So you have many databases in Azure, you accidentally deleted one which can happen and has happened to me because in my situation they had very similar naming conventions with a number different at the end of the database name.
Question is, how can you protect yourself from this? Answer. Locks.
Ok, so Azure SQL doesn’t really have its own error log based somewhere on a machine within \\MSSQL\Log directory but the closest thing you will get is a system catalog view called sys.event_log which is very useful. It will get you information about all sort of event types such as:
- Successful connections
- Failed connections
- Throttling issues
- Blocked by firewall attempts
- Connection termination
For some reason I have friends / colleagues telling me that when scaling (up and down for this example) that no downtime occurs. Well, not only does Microsoft documentation say differently, I will show it. So let’s test it out. Before the practical test, this is the official stance. “There is a switch over period where connectivity is lost to the database for a short amount of time, which can be mitigated using retry logic”.
Wouldn’t it be nice if we could access one main dashboard / report that pulls in information from many tools such as security centre, SQL advisor and cost management tools? Well you can, thus giving you a focal point to implement best practices, called Azure Advisor. This is not specifically for Azure SQL Database, you can leverage this for most resources within Azure. Later in this blog post you see that I will use it as a focal point for my database infrastructure in Azure.
In the Azure portal under services look for “advisor”
Do you enable this setting to allow automatic tuning to care of all your performance needs? Well not ALL your needs, more so:
- CREATE INDEX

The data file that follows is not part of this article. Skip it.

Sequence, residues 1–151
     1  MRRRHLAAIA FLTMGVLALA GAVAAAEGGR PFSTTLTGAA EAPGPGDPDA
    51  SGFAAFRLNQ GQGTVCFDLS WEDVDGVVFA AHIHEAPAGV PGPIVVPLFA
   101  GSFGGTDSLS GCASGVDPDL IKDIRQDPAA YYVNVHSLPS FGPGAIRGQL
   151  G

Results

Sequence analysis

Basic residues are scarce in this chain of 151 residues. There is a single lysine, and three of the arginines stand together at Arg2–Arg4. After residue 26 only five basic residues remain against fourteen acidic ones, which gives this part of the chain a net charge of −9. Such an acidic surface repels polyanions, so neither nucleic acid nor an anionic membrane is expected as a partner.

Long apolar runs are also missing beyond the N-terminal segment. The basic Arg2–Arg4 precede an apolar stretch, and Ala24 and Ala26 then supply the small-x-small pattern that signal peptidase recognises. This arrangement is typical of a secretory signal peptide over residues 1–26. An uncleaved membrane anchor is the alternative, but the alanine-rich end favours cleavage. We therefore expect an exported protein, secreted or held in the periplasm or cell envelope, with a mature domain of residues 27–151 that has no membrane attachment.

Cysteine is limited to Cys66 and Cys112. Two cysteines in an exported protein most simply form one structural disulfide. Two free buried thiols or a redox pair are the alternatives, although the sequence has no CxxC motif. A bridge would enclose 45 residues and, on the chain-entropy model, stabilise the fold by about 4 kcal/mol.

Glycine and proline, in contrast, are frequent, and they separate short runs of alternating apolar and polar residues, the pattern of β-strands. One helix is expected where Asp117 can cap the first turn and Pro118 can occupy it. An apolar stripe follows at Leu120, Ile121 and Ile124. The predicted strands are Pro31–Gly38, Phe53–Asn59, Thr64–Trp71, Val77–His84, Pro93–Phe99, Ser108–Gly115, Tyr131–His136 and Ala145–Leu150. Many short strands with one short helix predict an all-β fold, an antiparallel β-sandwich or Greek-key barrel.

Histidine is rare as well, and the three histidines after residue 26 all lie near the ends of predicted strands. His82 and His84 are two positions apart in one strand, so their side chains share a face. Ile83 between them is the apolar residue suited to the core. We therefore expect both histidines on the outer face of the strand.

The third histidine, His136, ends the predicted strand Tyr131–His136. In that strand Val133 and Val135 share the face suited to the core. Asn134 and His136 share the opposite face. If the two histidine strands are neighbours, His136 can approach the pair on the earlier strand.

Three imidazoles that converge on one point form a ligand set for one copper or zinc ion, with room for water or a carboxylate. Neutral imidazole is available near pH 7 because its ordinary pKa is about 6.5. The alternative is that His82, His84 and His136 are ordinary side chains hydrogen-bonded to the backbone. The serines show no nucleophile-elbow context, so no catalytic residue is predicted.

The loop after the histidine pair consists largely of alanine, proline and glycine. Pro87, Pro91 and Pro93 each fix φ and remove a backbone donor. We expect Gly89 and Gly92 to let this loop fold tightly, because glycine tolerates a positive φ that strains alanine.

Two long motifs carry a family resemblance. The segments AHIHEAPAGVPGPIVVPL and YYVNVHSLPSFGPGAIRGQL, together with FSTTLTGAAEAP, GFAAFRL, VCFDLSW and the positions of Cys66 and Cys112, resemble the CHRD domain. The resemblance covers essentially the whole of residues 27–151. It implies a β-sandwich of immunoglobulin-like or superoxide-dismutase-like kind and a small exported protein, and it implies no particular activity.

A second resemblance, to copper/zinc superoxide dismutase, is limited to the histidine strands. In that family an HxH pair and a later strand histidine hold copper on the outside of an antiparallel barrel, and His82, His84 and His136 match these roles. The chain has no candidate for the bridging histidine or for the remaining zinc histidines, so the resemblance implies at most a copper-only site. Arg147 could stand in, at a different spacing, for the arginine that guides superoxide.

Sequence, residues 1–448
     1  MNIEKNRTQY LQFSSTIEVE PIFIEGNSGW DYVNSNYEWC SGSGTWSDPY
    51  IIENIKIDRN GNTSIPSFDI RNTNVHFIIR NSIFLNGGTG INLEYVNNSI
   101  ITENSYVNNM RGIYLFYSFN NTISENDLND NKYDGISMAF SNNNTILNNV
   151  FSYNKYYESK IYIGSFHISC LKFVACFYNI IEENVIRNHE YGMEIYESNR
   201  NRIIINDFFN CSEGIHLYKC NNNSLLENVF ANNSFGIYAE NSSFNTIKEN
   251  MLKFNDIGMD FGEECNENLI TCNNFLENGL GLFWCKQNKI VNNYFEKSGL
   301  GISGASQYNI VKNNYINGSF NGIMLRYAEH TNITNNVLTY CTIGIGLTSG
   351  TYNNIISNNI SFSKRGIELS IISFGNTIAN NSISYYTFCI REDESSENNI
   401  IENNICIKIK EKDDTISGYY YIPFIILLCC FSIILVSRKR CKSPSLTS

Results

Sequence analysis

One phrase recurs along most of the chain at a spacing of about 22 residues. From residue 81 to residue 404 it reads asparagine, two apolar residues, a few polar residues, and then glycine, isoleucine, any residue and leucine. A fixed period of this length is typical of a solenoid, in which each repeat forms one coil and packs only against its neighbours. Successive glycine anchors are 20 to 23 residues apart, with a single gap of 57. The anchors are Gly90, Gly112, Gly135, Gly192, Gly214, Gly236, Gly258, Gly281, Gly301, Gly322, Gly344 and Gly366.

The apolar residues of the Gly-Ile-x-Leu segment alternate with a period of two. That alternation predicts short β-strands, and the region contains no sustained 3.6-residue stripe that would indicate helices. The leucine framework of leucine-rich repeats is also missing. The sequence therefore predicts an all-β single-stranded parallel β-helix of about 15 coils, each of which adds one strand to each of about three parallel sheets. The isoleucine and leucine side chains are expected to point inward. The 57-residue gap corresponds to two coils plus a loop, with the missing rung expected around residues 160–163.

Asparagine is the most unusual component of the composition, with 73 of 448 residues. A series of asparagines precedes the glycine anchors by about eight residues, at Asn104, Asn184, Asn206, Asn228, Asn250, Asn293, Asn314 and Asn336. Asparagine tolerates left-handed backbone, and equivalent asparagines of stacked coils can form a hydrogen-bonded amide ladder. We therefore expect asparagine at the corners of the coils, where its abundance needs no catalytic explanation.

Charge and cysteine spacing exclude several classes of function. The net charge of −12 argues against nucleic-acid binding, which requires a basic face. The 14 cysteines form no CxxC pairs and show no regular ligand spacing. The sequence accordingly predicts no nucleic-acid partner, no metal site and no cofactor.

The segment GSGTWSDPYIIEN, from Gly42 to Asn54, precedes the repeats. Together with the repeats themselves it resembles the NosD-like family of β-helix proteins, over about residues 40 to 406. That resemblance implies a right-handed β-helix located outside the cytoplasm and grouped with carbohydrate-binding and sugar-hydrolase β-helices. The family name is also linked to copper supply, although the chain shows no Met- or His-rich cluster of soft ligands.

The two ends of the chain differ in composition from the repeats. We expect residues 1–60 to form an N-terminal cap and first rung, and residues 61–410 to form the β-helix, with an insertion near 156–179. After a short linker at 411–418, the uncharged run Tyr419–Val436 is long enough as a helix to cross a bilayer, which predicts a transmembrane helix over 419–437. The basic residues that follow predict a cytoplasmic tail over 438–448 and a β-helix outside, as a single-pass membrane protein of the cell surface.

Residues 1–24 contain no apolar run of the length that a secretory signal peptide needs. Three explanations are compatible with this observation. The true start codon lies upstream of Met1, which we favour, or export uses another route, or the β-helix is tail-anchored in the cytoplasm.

- DROP INDEX
- FORCE LAST GOOD PLAN
I think many have covered how you should backup your SQL Server database to Azure storage (also known as backup to URL) but what about restoring? Lets assume you have setup backups and they are working, this is what I usually do.
I get asked quite a bit about my thoughts on the impact Cloud computing has on a DBA role. Still in 2019, I get people say oh it’s the death, will you be made redundant? Are you worried? Simply put… No.
Let’s get straight to the point. From official documentation it states that “To secure your storage account, you should first configure a rule to deny access to traffic from all networks (including internet traffic) by default. Then, you should configure rules that grant access to traffic from specific vnets. This configuration enables you to build a secure network boundary for your applications”.
Navigate to your storage account, what is the default setting? It is shown below.
An amazing blog post by Microsoft describing the idea of hot patching the database engine in Azure SQL Database to allow for minimal downtime when applying patches to SQL Server. We know that it is one of the benefits of Azure SQL Database but now we get some insight into how it’s done.
I am not sure when this became available but for Azure SQL Database 150 compatibility level is now available. Last time I created a database few weeks ago, only level 140 ( SQL Server 2017) was available so I think it is a recent thing.
Upon some testing, if you create a new Azure SQL Database by default it is 150 as per the screen shot below (from the script action command)